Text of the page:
development of the Enteric Nervous System
Using various lineage tracing and fate-mapping transgenic models, we study the development of the ENS during embryonic development, post-natal life, and in adulthood.
In addition, using next-generation tools of microscopy and mathematical modeling, we are working on elucidating the molecular and cellular pathways that generate the conserved structure and topology of the ENS, and study how aberration in these pathways alters ENS structure and function.
The development of the ENS is based on many yet unresolved and understudied factors such as gender and presence of microbiota and our lab is working on studying how innervation patterns of ENS developmentally change with alterations in microbiota between the two genders.
MAINTENANCE of the Enteric Nervous System
Previous dogma suggested a lack of steady state neurogenesis in the adult mammalian gut, leaving unanswered the question of how the adult ENS maintains itself, despite detectable neuronal loss.
In a pioneering work that we published in collaboration with the Pasricha Lab at JHU, we provided the first evidence of an active and rapid turnover of adult enteric neurons. By discovering the true identity of the Enteric Neural Stem Cells in adult gut, our team was the first to report on an active and a robust pathway of adult enteric neurogenesis.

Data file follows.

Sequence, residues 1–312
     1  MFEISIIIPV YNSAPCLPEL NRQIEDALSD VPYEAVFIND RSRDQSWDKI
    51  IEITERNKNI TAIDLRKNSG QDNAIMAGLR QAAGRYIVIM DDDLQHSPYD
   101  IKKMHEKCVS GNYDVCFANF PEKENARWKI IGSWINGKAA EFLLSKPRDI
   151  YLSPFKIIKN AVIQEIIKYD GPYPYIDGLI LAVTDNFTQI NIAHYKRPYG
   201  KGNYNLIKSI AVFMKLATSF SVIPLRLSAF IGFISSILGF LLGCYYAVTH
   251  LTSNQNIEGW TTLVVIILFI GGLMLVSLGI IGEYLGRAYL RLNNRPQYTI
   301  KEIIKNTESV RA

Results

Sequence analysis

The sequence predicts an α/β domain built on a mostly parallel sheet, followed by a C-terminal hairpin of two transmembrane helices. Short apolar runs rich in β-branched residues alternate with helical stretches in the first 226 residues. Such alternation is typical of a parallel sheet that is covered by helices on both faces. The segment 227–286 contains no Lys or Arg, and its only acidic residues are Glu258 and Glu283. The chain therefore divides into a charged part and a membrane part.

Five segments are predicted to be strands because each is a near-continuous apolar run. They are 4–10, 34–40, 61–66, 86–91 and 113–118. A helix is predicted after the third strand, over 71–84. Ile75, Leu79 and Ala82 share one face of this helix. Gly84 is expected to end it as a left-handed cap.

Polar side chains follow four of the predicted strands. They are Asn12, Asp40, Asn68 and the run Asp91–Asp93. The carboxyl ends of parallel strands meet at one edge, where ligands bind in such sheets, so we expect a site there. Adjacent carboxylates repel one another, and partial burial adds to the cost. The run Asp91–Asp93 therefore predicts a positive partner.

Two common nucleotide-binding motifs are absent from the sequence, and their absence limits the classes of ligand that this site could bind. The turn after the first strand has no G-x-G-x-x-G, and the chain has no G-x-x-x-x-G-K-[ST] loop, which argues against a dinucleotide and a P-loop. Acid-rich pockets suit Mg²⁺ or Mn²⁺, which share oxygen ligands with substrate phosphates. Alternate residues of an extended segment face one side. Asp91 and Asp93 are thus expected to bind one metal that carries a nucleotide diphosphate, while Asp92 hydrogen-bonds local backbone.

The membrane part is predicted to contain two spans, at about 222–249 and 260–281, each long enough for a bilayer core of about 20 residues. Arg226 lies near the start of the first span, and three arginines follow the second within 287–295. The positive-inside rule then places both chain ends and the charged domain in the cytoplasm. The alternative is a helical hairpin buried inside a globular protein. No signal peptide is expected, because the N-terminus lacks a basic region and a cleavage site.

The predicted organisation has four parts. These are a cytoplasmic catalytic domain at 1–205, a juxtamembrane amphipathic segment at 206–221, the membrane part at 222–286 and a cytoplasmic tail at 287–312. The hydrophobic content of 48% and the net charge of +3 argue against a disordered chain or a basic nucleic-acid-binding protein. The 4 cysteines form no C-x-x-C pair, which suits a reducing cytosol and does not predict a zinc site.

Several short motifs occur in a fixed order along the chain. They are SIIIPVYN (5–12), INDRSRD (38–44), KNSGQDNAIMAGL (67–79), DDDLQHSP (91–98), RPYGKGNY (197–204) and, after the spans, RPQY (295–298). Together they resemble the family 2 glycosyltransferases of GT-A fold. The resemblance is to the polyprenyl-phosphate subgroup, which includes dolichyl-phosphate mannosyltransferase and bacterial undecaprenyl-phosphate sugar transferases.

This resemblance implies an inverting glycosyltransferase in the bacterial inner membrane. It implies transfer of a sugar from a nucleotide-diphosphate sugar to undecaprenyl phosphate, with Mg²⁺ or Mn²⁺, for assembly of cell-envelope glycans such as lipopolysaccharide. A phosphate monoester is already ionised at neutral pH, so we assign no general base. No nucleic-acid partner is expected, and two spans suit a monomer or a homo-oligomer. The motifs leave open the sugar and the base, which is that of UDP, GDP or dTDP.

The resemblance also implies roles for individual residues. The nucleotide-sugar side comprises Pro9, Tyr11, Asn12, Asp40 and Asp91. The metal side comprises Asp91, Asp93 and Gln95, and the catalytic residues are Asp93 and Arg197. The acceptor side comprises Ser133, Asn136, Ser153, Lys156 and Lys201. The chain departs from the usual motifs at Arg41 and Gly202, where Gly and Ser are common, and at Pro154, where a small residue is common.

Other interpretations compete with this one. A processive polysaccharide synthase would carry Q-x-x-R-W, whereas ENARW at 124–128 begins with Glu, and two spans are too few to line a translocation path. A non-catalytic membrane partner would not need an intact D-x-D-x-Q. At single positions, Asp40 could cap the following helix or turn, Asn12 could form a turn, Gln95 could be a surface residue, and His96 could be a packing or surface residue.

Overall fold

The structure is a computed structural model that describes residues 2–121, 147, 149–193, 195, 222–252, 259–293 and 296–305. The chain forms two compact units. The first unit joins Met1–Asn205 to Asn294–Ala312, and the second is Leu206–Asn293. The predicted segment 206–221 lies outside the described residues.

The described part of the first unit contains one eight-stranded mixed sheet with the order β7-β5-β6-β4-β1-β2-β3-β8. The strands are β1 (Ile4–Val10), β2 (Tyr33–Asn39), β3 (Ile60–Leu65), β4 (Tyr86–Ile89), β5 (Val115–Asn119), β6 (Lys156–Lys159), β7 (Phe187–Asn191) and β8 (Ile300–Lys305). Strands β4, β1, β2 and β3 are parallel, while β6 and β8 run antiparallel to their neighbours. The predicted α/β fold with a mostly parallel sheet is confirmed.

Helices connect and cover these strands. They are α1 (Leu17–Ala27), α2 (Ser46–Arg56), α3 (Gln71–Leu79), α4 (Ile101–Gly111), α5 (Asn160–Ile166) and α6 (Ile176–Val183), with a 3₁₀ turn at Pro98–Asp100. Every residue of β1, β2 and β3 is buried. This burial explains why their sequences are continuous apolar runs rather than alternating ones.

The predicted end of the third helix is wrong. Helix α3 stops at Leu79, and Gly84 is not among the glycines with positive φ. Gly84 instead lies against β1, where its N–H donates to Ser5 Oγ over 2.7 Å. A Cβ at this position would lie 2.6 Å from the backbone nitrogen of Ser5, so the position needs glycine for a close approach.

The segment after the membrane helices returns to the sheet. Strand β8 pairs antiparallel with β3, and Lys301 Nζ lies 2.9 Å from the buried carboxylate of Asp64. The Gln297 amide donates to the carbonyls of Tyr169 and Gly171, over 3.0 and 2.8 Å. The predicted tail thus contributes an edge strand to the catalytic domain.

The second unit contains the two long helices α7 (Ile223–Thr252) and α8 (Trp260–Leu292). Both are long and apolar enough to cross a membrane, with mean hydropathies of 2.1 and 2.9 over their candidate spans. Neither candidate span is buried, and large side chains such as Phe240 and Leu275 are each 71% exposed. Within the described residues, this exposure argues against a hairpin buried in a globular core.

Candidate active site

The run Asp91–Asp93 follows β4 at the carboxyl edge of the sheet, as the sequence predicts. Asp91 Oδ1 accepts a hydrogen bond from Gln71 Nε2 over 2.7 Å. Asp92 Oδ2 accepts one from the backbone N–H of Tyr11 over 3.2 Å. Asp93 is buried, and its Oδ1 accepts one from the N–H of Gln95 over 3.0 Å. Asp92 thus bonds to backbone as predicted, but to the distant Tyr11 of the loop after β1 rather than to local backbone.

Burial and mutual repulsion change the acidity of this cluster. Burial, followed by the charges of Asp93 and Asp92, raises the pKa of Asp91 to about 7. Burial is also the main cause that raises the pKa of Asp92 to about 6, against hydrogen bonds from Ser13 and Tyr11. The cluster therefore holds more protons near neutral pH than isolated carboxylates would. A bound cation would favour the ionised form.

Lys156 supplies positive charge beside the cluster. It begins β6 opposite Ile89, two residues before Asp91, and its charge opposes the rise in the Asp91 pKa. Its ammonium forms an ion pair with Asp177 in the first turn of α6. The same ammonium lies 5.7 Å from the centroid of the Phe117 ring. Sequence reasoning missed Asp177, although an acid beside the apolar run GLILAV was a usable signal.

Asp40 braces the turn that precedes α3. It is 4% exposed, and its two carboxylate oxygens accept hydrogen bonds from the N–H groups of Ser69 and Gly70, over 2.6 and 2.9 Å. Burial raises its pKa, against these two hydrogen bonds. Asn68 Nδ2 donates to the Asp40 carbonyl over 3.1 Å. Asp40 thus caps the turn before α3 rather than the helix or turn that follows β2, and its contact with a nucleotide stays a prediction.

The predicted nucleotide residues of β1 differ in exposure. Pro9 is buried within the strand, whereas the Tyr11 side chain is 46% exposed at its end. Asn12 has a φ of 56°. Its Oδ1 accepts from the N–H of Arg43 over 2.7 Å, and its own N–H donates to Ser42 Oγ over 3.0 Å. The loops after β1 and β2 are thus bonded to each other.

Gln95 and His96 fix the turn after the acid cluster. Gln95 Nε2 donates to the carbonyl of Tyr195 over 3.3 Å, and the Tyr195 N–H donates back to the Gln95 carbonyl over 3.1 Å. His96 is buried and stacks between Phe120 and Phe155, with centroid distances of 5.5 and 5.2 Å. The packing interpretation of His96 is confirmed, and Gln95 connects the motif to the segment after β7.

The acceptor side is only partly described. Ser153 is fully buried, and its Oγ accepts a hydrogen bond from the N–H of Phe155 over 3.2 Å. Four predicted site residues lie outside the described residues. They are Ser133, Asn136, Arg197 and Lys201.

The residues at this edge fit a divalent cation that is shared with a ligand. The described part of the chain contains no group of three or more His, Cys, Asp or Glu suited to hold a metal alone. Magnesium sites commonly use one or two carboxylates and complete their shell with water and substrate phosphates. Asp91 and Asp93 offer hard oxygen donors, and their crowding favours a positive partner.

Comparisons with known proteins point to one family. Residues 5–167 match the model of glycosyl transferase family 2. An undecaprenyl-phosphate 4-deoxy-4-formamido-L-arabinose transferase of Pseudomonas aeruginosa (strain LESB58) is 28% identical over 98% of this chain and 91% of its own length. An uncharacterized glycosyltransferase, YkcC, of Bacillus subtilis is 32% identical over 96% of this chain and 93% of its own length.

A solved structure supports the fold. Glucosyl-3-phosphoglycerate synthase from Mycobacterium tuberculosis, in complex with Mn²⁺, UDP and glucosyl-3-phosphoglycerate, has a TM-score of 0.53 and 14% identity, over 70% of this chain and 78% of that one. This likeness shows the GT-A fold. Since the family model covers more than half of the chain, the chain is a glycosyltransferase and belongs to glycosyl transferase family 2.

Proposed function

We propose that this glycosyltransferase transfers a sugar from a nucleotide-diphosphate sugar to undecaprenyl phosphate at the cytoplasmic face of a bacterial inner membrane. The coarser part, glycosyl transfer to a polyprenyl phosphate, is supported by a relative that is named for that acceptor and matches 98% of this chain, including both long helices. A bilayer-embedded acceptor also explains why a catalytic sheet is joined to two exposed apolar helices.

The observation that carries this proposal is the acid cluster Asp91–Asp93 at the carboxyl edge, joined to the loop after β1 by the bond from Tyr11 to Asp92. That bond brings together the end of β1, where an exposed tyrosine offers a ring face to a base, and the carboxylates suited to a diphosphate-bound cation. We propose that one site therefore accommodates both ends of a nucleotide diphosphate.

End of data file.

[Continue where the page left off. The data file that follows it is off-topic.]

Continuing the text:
Our work shows for the first time that the putative cause of gastrointestinal dysmotility is not neuronal deficits or dysfunctions but are pathological alterations in their precursor cells.
Our current work focuses on elucidating the cellular and molecular pathways that are associated with ealthy neurogenesis, along with studying the biotic and abiotic factors that alter it causing gastrointestinal dysmotility.
Adult myenteric ganglia showing neurons (red) and Nestin-expressing cells (Green). Intraganglionic Nestin-expressing cells effect continuous neurogenesis at steady state. Kulkarni et al 2017